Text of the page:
Re: If we do get Afghanistan, what shall we do with it?

From: Mike Lorrey (
Date: Tue Nov 27 2001 - 10:02:10 MST

Dwayne wrote:
> Mike Lorrey wrote:
> > c) Holding them to their own standard, and given that the US-Japanese
> > conflict fell outside of the Geneva Conventions, since Japan never
> > signed them, the atomic attacks on Hiroshima and Nagasaki, as well as
> > firebomb attacks on other Japanese cities, were entirely legal.
> Not being a lawyer, shouldn't the US have acted according to what it
> felt was right? Your argument above makes sense, but I was told about
> two wrongs not making a right a long time ago. It seems to me that this
> is a lot of the problem, using these weapons lowered those who used them
> in the eyes of the world, whereas restraint, or acting according to
> principles the US espoused, would have been the better option. Unless of
> course there were other reasons for using it other than the publicly
> announced reasons.

Actually, it is in the interest of each side to follow the rules and
complain about the other side not doing so. If A violates a convention
and B complains, it must be documented by a neutral third party, i.e.
the international red cross, before B can regard itself as free of the
constraints of that convention. This is why Germany always gussied up
it's POWs and gave them all the blankets, etc before a scheduled Red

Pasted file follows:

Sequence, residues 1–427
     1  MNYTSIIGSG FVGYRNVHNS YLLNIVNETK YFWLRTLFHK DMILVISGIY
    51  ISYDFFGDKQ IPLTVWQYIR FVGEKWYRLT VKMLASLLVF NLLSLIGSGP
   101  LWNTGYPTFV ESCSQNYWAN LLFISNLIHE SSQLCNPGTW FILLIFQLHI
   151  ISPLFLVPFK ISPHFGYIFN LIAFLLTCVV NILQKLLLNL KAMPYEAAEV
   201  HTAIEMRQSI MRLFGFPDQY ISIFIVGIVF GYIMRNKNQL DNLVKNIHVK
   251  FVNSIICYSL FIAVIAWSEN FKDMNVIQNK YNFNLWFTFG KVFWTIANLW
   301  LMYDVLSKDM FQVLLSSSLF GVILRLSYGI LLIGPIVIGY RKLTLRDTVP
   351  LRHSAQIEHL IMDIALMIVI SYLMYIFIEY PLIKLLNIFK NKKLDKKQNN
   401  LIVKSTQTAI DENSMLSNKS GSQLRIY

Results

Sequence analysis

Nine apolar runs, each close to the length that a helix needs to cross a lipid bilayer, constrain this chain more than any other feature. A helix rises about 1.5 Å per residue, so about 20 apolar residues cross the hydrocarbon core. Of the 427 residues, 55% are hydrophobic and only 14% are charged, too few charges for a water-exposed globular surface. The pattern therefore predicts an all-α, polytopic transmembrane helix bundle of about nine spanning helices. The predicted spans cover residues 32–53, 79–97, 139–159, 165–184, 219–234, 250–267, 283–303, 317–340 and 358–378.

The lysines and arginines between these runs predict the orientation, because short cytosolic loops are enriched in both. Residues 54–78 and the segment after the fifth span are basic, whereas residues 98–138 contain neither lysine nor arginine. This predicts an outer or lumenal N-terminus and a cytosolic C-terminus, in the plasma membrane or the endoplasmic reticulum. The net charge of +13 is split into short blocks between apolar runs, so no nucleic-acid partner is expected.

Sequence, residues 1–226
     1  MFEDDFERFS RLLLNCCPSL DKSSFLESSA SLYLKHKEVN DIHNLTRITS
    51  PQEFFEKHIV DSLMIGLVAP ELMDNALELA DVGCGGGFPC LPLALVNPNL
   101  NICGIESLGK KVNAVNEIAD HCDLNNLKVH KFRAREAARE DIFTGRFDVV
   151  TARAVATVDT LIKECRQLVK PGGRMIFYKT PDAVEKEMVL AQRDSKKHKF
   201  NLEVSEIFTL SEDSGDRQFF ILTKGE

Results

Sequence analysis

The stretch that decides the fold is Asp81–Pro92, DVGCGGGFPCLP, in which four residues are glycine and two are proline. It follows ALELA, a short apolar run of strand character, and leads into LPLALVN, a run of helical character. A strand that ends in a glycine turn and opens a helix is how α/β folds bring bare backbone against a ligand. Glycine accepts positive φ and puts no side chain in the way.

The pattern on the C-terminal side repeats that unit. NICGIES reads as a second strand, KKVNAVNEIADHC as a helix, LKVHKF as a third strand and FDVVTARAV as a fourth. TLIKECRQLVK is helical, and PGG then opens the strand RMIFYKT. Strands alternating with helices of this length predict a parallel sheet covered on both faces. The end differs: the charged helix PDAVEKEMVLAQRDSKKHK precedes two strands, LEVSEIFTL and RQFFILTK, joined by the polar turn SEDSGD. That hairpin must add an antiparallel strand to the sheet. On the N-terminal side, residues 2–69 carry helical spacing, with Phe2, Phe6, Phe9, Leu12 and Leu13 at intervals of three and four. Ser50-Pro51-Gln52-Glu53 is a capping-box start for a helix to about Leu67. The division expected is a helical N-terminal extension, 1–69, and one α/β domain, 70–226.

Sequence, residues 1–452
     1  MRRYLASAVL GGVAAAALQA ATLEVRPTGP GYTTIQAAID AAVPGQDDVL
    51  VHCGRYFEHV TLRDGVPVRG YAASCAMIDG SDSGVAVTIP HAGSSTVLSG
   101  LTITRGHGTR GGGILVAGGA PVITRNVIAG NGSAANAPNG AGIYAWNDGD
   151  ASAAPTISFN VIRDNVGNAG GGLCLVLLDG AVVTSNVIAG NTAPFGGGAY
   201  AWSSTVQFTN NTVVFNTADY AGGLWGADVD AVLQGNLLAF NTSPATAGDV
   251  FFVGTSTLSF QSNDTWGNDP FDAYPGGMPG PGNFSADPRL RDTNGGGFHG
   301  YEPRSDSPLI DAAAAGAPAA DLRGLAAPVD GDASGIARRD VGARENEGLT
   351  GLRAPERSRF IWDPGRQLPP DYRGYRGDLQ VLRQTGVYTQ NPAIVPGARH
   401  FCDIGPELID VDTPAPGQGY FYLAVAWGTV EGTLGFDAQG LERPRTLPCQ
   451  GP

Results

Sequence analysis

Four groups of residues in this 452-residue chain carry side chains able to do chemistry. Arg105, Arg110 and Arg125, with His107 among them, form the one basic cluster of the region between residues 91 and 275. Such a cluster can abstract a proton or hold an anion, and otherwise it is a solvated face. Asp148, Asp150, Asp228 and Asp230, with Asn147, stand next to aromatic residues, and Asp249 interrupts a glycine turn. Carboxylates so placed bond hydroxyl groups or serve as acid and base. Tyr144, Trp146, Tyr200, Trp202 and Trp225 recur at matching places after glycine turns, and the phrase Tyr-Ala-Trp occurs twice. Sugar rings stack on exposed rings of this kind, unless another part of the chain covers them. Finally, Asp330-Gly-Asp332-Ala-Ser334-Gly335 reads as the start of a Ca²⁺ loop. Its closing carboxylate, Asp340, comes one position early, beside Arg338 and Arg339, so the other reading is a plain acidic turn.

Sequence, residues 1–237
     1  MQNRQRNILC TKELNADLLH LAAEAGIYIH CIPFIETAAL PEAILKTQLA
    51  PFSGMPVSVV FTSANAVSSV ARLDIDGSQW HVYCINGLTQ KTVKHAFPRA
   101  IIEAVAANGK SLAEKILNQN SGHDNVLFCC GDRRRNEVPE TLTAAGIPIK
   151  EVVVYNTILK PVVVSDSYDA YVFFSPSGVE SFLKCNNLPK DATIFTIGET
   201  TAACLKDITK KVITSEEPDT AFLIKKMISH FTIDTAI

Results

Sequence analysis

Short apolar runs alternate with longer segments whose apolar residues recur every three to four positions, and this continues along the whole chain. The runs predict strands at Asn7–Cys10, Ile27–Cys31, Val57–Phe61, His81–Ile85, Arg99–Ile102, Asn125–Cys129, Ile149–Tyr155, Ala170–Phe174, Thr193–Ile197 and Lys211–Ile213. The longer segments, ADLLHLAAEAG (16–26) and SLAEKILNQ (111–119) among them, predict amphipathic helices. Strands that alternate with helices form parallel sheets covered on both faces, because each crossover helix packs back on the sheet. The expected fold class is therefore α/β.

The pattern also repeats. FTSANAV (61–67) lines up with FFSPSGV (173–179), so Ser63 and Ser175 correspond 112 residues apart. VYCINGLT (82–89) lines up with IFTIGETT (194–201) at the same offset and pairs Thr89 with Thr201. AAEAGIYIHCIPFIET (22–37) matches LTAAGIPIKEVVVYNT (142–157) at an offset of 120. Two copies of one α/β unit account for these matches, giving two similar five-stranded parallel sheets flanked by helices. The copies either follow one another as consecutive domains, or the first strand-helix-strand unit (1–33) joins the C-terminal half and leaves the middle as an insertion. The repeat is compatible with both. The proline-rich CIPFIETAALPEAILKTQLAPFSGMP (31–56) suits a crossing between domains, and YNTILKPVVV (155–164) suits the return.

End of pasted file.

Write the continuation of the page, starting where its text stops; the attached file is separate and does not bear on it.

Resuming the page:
Cross visit: it wanted to continue to abuse allied prisoners but wanted
the allies to treat its german prisoners good. We knew our prisoners
were abused, but the Red Cross could never document the abuse, so we
were bound to treat the Germans in our POW camps well: we were too open
a society to get away with the same sort of duplicity.

> I have not read the Geneva convention but I'd have thought that one
> country signing it binds them to act accordingly, not that both parties
> have to be signatories for it to apply. Although, we are talking war
> here, so it may well be full of loopholes.

Actually, the Geneva Conventions (there were several) say that if one
country operates outside the rules, or tosses them out entirely (or
never signs them), then the rules don't apply to the other side either
(as evident in the case of combatants using non-combatants as shields).

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